October 1, 2007 The Windshear rolling-road wind tunnel in North Carolina will be one of the fastest and most advanced facilities in the world, and the only in America capable of 180mph (around 300kph) testing. The US$40 million complex will be an excellent resource for Formula One, NASCAR and most other racing teams – but interestingly, street-legal supercars like the Bugatti Veyron at the forefront of high-speed aerodynamic design still have nowhere to test their 250+mph models.
We’ve written before about the extreme effects aerodynamic design can produce on race cars operating at high speeds – past a certain velocity, the wind is such a powerful force that aeros actually become a more important factor in determining a car’s top speed than the engine power.
With his NASCAR team consistently running up to 180mph and beyond, team owner and CNC machine tool magnate Gene Haas decided to stump up US$40 million to build the only rolling-road wind tunnel in America capable of testing aerodynamics at simulated road speeds of up to 180mph.
The Windshear wind tunnel, still under construction in Concord, North Carolina, will join BMW’s Sauber facility and Audi's system as the only rolling-road wind tunnels capable of testing at these speeds.
Testing car aerodynamics on a static-floor wind tunnel doesn’t accurately recreate real-world pressure effects – but building a rolling road presents its own technical challenges. The ‘road’ in Windshear’s case is a 1mm-thick continuous steel belt. The horizontal surface is 10.5 feet wide by 29.5 feet long, allowing a wide range of vehicles, including Formula One cars, to be tested on it if necessary. This steel belt is designed to last up to 5,000 operational hours, or somewhere between 186,000 and 248,000 miles before it’s replaced. It will accelerate to top speed in a matter of around 10 seconds, and it can brake from 180 to 0 in a similar amount of time.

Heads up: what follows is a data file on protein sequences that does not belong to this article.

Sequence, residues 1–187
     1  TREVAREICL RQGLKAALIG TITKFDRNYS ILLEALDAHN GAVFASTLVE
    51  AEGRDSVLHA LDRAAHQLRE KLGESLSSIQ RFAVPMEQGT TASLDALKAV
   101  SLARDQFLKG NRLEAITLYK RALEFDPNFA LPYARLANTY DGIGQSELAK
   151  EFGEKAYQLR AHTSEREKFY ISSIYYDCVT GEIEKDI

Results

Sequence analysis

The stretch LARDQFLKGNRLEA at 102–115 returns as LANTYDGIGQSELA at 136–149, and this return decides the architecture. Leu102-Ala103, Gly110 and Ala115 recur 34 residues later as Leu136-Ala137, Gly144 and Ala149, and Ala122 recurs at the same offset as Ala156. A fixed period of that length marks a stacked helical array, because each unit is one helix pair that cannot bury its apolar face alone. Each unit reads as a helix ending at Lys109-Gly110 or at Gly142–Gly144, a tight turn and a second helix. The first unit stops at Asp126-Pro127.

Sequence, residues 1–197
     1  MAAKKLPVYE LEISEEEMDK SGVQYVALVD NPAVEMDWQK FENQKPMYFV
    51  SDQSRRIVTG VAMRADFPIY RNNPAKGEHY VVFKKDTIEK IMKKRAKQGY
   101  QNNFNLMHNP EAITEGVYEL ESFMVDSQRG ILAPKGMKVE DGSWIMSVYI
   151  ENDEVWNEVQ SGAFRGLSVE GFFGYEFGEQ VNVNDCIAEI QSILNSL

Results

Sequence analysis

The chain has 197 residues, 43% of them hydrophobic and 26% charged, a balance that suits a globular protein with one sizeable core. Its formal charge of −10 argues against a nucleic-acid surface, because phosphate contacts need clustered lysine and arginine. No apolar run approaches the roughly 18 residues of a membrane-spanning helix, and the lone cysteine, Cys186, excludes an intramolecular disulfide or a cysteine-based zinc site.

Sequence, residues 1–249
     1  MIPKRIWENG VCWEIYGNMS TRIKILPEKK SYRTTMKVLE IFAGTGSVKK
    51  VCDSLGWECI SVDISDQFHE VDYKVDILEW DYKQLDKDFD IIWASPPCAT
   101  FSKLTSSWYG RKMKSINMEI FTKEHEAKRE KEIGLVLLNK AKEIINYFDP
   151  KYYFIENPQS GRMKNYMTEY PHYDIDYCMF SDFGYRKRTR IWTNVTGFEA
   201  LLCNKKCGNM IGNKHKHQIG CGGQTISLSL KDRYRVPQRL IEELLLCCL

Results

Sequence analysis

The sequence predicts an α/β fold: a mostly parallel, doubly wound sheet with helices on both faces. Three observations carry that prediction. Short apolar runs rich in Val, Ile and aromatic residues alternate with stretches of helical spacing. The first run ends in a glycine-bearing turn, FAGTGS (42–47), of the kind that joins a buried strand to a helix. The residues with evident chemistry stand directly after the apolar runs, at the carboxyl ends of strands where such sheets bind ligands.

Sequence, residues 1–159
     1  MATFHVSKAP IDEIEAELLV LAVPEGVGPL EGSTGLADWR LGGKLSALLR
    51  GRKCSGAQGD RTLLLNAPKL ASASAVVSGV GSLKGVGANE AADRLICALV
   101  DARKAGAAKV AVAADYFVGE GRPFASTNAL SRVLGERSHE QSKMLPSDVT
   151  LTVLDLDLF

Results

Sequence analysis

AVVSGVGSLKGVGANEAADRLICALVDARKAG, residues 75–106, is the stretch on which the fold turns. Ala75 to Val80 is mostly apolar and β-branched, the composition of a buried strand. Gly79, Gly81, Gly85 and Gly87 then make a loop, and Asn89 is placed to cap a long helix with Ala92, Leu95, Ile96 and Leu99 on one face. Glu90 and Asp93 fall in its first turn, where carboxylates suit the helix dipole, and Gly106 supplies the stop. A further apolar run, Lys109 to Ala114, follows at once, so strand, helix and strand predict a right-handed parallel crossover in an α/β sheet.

At top speed, the 22-foot diameter, 5100-horsepower main fan will force 2.85 million cubic feet past the car per minute, consuming around 7 megawatts of power in the process. The air is circulated through a vast closed-loop system that controls temperature against the tendency to heat up as it reaches high speeds.
Beneath each wheel, and beneath the rolling belt, are sensors measuring the downforce through each individual tyre, providing aerodynamic engineers with crucial information on where their designs are pushing down.
Once completed, the tunnel will open its doors to manufacturers and race teams for testing in what will eventually ramp-up into a 24-hour round-the-clock operation. Ironically, while race teams up to Formula One level will be well serviced by the device, 180mph is well short of the 250+mph some road supercars such as the Bugatti Veyron are now capable of.
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